17 November 2009

The Rusty Padlock Award

On 17 November 2009 the Open Democracy Advice Centre (ODAC) presented the Rusty Padlock Awards, an event which SAHA attended. These ‘awards' mark consistently poor performers in terms of the Promotion of Access to Information Act (PAIA) in the public sector. To determine these awards ODAC used an index based on four key areas of PAIA compliance which were: the roadmap of the body to deal with requests and PAIA matters; the strength of records management in the institution; the internal mechanisms of the organisations for dealing with PAIA; and the resources allocated to PAIA management.

This investigation (this year of 88 different units, which included National Departments, Provincial Departments and Municipalities) revealed that, of all those approached, 61% gave no response at all. This ‘muteness' on such a large scale has depressing implications for the importance bodies are placing on the public's right to know. Even more worrying was the discovery that some of the worst performing bodies were those involved in service delivery, which are the very same bodies that the public most requires information from in order to better their everyday lives.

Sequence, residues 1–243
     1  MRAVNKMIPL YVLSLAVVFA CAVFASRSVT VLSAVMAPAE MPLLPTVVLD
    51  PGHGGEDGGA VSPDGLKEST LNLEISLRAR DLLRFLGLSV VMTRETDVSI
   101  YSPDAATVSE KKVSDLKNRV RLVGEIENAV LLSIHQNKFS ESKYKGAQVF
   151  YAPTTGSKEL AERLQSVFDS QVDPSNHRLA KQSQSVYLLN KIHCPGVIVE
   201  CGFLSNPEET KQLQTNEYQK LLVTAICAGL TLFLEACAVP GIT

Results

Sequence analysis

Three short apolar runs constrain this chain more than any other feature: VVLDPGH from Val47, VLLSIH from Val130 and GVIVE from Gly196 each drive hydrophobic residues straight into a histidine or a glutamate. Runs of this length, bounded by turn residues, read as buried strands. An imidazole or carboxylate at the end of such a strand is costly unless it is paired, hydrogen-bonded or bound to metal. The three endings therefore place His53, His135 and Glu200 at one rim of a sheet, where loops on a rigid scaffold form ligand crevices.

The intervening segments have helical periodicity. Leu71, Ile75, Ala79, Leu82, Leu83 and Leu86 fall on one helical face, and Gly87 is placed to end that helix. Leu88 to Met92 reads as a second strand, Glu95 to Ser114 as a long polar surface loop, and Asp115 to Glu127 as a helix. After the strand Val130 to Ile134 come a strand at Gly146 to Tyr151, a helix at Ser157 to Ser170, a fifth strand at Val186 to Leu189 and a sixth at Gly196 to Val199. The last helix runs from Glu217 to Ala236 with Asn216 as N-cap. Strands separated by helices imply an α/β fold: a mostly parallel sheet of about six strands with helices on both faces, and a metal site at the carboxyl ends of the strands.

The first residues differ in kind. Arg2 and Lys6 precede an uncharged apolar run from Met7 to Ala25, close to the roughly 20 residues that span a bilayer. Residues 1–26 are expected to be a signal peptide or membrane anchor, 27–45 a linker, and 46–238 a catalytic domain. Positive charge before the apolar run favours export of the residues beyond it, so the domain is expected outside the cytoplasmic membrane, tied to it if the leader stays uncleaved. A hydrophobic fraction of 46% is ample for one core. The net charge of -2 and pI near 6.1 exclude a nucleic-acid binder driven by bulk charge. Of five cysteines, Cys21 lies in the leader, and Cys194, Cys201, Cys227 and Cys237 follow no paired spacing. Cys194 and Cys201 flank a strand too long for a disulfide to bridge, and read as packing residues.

The ‘winner' of this year's Rusty Padlock Award was the Department of Health. This was because not only did they fail to give any form of response to a Request, but they have also failed consistently over the past three years to file the section 72 compliance reports to the South African Human Rights Commission that the law compels them to do. Further, they have actively engaged in fruitless litigation, against organisations such as the Treatment Action Campaign, to prevent organisations accessing information they have a right to and have repeatedly failed to respond in previous years to ODAC's requests as well. As a key service deliverer, it is hoped that this ‘award' will serve as inspiration to the Department of Health to make its responsibilities in terms of PAIA a priority for their future performance.